Masters of conjuring deep, disco-laced house music, Swiss duo In Flagranti have honed a reputation for creating sure-fire dancefloor records, mixing eclectic sets which convey their idiosyncratic tastes and distinctly non-formulaic approach to DJing.
With a discography spanning four LPs and countless singles on labels such as Kitsune and Codek, their latest EP 'Headrush' arrives courtesy of Erol Alkan's always-intriguing Phantasy Sound, an imprint associated with cool names like Daniel Avery, Riton, Boys Noize and Switch. Here Alex and Sasa take five to share with us the roots of their musical orientations, and to discuss the changing status of the DJ within an increasingly competitive industry...
Your music has a distinct disco-tinged electro sound. What are your musical backgrounds? What could you call your biggest inspirations, or things which have or continue to inspire you?
ALEX: “We experienced a lot of great music firsthand from TV, radio and magazines in the '70s, things that were fresh and new back then, like The Sweet 'Ballroom Blitz', irresistible in 1973, we both loved it. The '70s had it all, Led Zeppelin, Les Humphries Singers, Suzi Quatro, Sweet, Queen, Abba, Sex Pistols, Donna Summer, Buggles, M's 'Pop Muzik' and lots of novelty records like Paco Paco 'Taka Takata'.”
There are so many flavours thrown into your work and you certainly don't seem to conform to any generic conventions. Is it your intention to create a new sound or are you aiming to recreate the music that has inspired you? The new material (tracks such as 'Locker Keys for Tops') has a more techno sound. What sound were you aiming for with the new productions?
SASA: “I personally don't try to recreate, I don’t think I’m good at that. I do get inspired by other people's music, but when I start working on a track it's all intuitive... while working on music, I don't really think in terms of music styles like techno/house/disco.
“When I have a rough mix then I sit back or dance around the studio and just listen to a loop of the mix for half an hour or so. Then I imagine being on a dancefloor or hanging at a bar hearing this music... or wondering what I would mix it with if I was playing records, if I feel it affects me. And in a certain way then I know it can do that to other people as well.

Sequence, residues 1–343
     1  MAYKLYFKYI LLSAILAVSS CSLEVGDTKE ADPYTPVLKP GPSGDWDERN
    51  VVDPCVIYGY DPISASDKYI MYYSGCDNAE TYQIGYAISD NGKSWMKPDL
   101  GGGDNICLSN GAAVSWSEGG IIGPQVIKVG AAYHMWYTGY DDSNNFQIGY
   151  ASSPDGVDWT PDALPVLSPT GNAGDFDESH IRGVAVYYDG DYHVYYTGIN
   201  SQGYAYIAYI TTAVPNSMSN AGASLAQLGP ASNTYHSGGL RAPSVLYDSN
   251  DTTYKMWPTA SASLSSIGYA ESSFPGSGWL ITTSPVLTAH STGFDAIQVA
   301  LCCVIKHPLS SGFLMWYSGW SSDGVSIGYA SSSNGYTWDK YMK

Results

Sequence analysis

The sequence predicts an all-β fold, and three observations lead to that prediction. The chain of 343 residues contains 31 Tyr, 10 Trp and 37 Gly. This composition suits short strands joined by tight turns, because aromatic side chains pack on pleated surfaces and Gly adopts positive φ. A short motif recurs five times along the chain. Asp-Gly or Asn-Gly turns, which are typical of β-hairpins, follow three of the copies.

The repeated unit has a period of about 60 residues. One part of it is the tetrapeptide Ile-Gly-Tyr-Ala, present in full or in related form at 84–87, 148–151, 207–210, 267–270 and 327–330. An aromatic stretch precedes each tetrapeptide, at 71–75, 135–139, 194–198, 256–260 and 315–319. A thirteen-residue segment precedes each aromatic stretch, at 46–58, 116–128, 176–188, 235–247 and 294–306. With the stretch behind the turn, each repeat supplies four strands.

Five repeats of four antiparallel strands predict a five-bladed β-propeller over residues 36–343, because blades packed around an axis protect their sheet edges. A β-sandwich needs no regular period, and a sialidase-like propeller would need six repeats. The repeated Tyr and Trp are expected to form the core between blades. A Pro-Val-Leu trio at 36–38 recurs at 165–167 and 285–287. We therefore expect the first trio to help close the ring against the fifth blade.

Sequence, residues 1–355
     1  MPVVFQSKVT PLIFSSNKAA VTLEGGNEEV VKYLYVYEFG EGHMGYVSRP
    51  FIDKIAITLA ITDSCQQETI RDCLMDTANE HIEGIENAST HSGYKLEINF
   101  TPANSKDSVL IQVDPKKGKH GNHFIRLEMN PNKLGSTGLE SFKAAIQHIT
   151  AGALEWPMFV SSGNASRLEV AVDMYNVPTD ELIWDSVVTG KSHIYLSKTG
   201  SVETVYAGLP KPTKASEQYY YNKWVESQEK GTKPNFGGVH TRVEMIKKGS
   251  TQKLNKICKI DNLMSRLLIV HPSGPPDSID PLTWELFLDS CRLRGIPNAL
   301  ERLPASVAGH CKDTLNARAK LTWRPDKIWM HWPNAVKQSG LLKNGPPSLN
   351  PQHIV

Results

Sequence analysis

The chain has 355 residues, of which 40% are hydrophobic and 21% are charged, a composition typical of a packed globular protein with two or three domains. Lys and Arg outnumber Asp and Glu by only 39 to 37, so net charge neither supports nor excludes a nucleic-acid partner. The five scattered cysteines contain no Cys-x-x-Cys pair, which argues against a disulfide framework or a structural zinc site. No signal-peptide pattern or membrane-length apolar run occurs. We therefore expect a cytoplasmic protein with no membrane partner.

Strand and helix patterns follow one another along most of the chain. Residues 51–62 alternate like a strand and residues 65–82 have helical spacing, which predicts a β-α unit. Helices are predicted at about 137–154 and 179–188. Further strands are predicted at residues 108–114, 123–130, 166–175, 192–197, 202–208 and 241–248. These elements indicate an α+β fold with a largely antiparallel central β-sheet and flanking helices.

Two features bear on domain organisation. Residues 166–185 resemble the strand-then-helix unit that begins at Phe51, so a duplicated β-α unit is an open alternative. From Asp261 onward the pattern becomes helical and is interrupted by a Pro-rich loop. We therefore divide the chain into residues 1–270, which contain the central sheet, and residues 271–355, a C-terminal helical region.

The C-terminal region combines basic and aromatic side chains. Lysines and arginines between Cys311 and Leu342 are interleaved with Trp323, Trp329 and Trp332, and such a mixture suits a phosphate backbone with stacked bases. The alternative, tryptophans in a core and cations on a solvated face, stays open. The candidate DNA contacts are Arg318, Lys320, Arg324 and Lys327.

As for the bassline on 'Locker Keys'... think back to In Flagranti's meat-packing remix of 'Oh Missy' by Woolfy — we have done hard and dark basslines before!”
And could you describe your music in three words?
ALEX & SASA: “Dope as shit!”
At what age did you both get into dance music?
SASA: ”My first time in a club, or 'discotheque' as it was called back then, was in 1977. I was 11-years-old.”
You also have a strong image which compliments the vibrancy of your music...
ALEX: “Most people have no idea what they're looking at when they see our 12" sleeves, it’s just a picture from a past era that I stuck on a cover. I like to create collages that fool the viewer into believing that this is a real photograph. I fake history and make it look real, but it’s fantasy: my stylized version of the past.
I enjoy the process of finding images and combining them. Remember, I work analogue, not Photoshop — there is no resizing of paper cutouts or tear-sheets, the images have to work perfectly together in order to get the effect I'm looking for. The collages and videos are like the music we make. We work with our past: images, sounds, movies, everything we liked growing up in the '60s, '70s and '80s. It's like memories mixed in a giant blender and re-assembled to form a fantastic conundrum — that's In Flagranti today.”
How does the dance scene in Switzerland compare to the UK?
SASA: “I can't speak for the whole of Switzerland, but in Basel we had an amazing club in the early '80s called Totentanz, where I first started DJing. A lot of bands that were doing interesting music at the time came through, bands like Liquid Liquid, Kas Product, Maximum Joy, Virgin Prunes, Wall of Voodoo... then later on in the mid-'80s I started doing warehouse parties with a couple of mates.
My first time out in London was in 1990, it was during the carnival and I happened to be staying in Notting Hill. I have never seen anything like it before... all these trucks filled with soundsystems. Soul II Soul and the Wag Club were great too.”
As far as DJing is concerned, what are your general intentions for the sets you play — is it about crowd-pleasing or do you try to introduce clubbers to new sounds?
SASA: “I think 'crowd pleasing' has a bad rep. When I DJ, I want to please the crowd... and I want to introduce them to new sounds at the same time. To me it's all about timing and feeling the crowd. You can't play the same set to every crowd, you have to feel your way through.
Sometimes it takes time and other times the party is jumping after two records... as you gain recognition and status it's even more crucial to be exploring and trying to challenge yourself.
Finally, what's on the cards for In Flagranti in the near future?
SASA: “With our new release as the main event at the moment, we don't want to spoil it by talking about any further projects just yet... let's leave it open for next time.”
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